What is poetry? Mere word play? A pretty, or at any rate striking, way of expressing thought and emotion? Or does great poetry involve an approach to the world that provides insight and information not available in other ways? Ken and John explore how poetry can illuminate what we know with award-winning poet Jane Hirshfield, author of "Come, Thief" and other poetic works of philosophical richness.More at http://philosophytalk.org/shows/poetry-way-knowing

  • 277: Epicurus and the Good Life
    Mon, Nov 02, 2015

    Though his name is often misleadingly associated with indulgence in sensual pleasures, the philosopher Epicurus developed a far-reaching system of thought that incorporated an empiricist theory of knowledge, a description of nature based on atomistic materialism, and views about the importance of friendship and both mental and physical pleasures for leading “the good life.” These notions of what constitutes a good life have preserved the relevance of Epicurean philosophy for contemporary life. A diverse array of thinkers, including Thomas Jefferson, Diderot, and Jeremy Bentham, have considered themselves Epicureans. So what is the legacy of Epicurus, and how have his ideas become integrated into the fabric of modernity? With great pleasure, John and Ken welcome David Konstan from NYU, author of "A Life Worthy of the Gods: The Materialist Psychology of Epicurus."More at http://philosophytalk.org/shows/epicurus-and-good-life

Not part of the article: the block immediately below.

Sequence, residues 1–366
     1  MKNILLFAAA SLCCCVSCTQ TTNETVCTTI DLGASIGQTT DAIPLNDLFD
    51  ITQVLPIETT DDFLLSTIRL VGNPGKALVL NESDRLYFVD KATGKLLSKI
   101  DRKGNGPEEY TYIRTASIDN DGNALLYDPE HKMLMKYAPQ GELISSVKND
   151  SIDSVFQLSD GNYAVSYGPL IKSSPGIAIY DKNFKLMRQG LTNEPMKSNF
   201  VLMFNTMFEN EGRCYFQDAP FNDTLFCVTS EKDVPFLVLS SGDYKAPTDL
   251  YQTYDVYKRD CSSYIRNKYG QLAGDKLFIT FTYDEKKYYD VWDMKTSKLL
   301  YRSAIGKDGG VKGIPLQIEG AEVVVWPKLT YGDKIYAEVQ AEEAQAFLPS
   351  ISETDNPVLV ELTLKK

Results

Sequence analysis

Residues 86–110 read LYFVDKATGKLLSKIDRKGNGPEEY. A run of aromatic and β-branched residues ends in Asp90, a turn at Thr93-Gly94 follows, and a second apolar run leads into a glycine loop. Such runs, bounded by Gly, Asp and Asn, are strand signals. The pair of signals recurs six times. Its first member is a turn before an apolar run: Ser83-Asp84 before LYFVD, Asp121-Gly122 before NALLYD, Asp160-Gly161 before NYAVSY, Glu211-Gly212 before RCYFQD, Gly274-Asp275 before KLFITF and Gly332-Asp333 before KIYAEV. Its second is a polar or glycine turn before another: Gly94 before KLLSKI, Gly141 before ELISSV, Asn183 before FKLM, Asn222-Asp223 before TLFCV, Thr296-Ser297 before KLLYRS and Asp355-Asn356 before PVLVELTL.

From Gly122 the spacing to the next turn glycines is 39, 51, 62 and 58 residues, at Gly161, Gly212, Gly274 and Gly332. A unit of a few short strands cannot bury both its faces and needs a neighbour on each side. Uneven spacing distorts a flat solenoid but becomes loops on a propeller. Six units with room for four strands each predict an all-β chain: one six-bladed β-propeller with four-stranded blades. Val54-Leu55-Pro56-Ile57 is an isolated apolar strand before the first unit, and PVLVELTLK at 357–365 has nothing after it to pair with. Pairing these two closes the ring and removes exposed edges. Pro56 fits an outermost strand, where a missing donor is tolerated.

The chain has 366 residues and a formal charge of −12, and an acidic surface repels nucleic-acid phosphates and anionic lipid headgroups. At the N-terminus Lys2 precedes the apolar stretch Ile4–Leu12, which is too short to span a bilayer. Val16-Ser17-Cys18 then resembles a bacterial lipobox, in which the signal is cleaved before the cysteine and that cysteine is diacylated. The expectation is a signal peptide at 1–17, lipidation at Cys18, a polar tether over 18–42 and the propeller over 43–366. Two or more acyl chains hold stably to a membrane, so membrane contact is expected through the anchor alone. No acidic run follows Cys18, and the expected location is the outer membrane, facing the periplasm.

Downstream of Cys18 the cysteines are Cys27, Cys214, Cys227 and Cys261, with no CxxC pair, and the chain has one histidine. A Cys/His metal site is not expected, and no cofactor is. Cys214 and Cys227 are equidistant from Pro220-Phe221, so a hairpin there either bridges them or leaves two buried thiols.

• 276: Pantheism
    Mon, Nov 02, 2015

    Pantheism is the doctrine that the world is either identical with God or an expression of His nature. Pantheistic ideas appear in many schools of Buddhism and Hinduism, and in the Tao-te-Ching. Pantheism also has had defenders in Western philosophy, including Heraclitus, Spinoza, Fichte, Schelling, and Hegel. Many of the Romantic poets, like Shelley, Keats, and Wordsworth, were considered pantheists. In modern times, the ecological movement has led to new interest in pantheism and its emphasis on nature as sacred. Is there a consistent world view that all these philosophies have in common? And how should we understand the claim that nature is to be worshipped? John and Ken welcome back Philip Clayton from the Claremont Graduate School, editor of "In Whom We Live and Move and Have Our Being: Panentheistic Reflections on God's Presence in a Scientific World."More at http://philosophytalk.org/shows/pantheism